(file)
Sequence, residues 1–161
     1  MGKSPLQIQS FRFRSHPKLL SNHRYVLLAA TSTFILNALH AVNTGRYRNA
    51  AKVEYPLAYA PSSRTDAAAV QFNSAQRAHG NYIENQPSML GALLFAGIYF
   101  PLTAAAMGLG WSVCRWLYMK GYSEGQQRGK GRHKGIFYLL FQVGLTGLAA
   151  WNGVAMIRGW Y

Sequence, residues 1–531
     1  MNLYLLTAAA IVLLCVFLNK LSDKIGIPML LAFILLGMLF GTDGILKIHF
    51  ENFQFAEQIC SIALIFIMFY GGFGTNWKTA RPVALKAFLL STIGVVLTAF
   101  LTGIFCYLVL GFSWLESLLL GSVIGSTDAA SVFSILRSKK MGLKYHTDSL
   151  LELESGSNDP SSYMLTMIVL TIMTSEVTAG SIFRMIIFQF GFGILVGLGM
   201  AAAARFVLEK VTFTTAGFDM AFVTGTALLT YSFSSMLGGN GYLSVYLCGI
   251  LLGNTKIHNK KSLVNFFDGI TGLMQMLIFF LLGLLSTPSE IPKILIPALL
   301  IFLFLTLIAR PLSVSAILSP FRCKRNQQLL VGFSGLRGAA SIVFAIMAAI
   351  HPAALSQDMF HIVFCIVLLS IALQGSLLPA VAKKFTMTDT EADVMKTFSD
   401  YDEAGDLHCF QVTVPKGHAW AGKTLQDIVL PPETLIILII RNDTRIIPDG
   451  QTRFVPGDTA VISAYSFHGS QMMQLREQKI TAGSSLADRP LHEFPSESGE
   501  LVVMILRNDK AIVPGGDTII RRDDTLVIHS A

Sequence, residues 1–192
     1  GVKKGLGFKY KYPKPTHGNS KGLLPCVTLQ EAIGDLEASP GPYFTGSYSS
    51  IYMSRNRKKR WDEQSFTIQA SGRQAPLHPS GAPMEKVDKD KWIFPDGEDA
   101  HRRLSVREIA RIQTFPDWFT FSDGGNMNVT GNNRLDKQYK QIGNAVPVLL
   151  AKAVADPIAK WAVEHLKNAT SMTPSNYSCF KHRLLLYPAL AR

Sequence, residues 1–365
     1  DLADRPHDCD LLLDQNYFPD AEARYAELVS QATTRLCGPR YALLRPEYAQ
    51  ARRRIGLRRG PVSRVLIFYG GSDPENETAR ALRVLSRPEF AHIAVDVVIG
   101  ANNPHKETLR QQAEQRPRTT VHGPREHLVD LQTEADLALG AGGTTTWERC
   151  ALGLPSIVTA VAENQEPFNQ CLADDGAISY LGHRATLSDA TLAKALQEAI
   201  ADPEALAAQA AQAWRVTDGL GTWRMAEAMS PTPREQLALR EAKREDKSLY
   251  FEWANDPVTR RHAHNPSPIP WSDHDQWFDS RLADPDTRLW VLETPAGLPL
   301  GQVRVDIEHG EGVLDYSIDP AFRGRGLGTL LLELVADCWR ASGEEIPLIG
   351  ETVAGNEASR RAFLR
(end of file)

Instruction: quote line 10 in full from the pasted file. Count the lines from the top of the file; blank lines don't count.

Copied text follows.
   151  LELESGSNDP SSYMLTMIVL TIMTSEVTAG SIFRMIIFQF GFGILVGLGM